Social Sharing Stimulates Brain Like Sex, Food
The reason social media is so compelling probably goes back to a simple, eternal truth: human beings like to think and talk about themselves. That judgment is based on new research conducted by psychologists at Harvard, which suggests that disclosing information about oneself activates the same neural rewards center associated with other basic desires like food and sex.
The study, titled “Disclosing information about the self is intrinsically rewarding,” used an MRI to observe the brain activity of subjects who were asked questions about themselves and others -- including, for example, personal food preferences, enjoyment of leisure activities, and so on. This portion of the study found higher levels of activity in the mesolimbic dopamic system, including the nucleus accumbens and the ventral tegmental area, all of which are associated with feelings of rewards, when people answered questions about themselves.
In a second part of the study, subjects were given a choice between answering questions about themselves or questions about others, with different monetary rewards attached to each. Although the “pricing” of questions gave subjects the chance to earn more money by answering questions about others, most participants sacrificed potential earnings in order to answer more questions about themselves.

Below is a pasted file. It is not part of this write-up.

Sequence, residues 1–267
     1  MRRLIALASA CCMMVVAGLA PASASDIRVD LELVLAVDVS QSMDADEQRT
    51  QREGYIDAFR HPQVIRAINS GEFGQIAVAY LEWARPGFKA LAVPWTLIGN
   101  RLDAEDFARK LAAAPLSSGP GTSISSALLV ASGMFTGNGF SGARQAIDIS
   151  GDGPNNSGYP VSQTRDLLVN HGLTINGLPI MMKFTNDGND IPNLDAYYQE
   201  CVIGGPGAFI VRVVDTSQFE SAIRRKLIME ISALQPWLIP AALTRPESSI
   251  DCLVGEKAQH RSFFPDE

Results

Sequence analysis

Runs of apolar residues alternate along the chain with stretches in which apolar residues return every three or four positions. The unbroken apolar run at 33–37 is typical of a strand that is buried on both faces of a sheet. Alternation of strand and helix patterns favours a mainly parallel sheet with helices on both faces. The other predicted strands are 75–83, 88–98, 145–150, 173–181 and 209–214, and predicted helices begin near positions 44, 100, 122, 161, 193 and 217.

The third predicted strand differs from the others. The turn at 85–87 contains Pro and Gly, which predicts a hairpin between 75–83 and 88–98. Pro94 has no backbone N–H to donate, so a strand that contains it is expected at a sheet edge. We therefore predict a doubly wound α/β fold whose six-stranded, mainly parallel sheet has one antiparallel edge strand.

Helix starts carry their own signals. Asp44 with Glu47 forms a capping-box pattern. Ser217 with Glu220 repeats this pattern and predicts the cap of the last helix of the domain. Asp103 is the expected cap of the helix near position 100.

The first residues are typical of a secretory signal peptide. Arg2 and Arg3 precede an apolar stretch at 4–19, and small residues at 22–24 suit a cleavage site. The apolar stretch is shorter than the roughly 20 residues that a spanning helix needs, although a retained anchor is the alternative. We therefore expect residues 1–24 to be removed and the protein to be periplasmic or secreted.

Referring back to earlier studies which were used as models for this study, the authors summed up the results: “Just as monkeys are willing to forgo juice rewards to view dominant groupmates and college students are willing to give up money to view attractive members of the opposite sex, our participants were willing to forgo money to think and talk about themselves.”
A further refinement of the study let subjects share their answers with a friend who accompanied them to the tests, and who could view answers on a computer. Unsurprisingly, even greater importance was associated with sharing information with others, both in terms of neural activity and in the amount of money subjects were willing to sacrifice in order to share. Interestingly, the value placed on sharing information with others averaged just under one cent, “putting a new twist on the old phrase ‘a penny for your thoughts,’” the authors drily observed.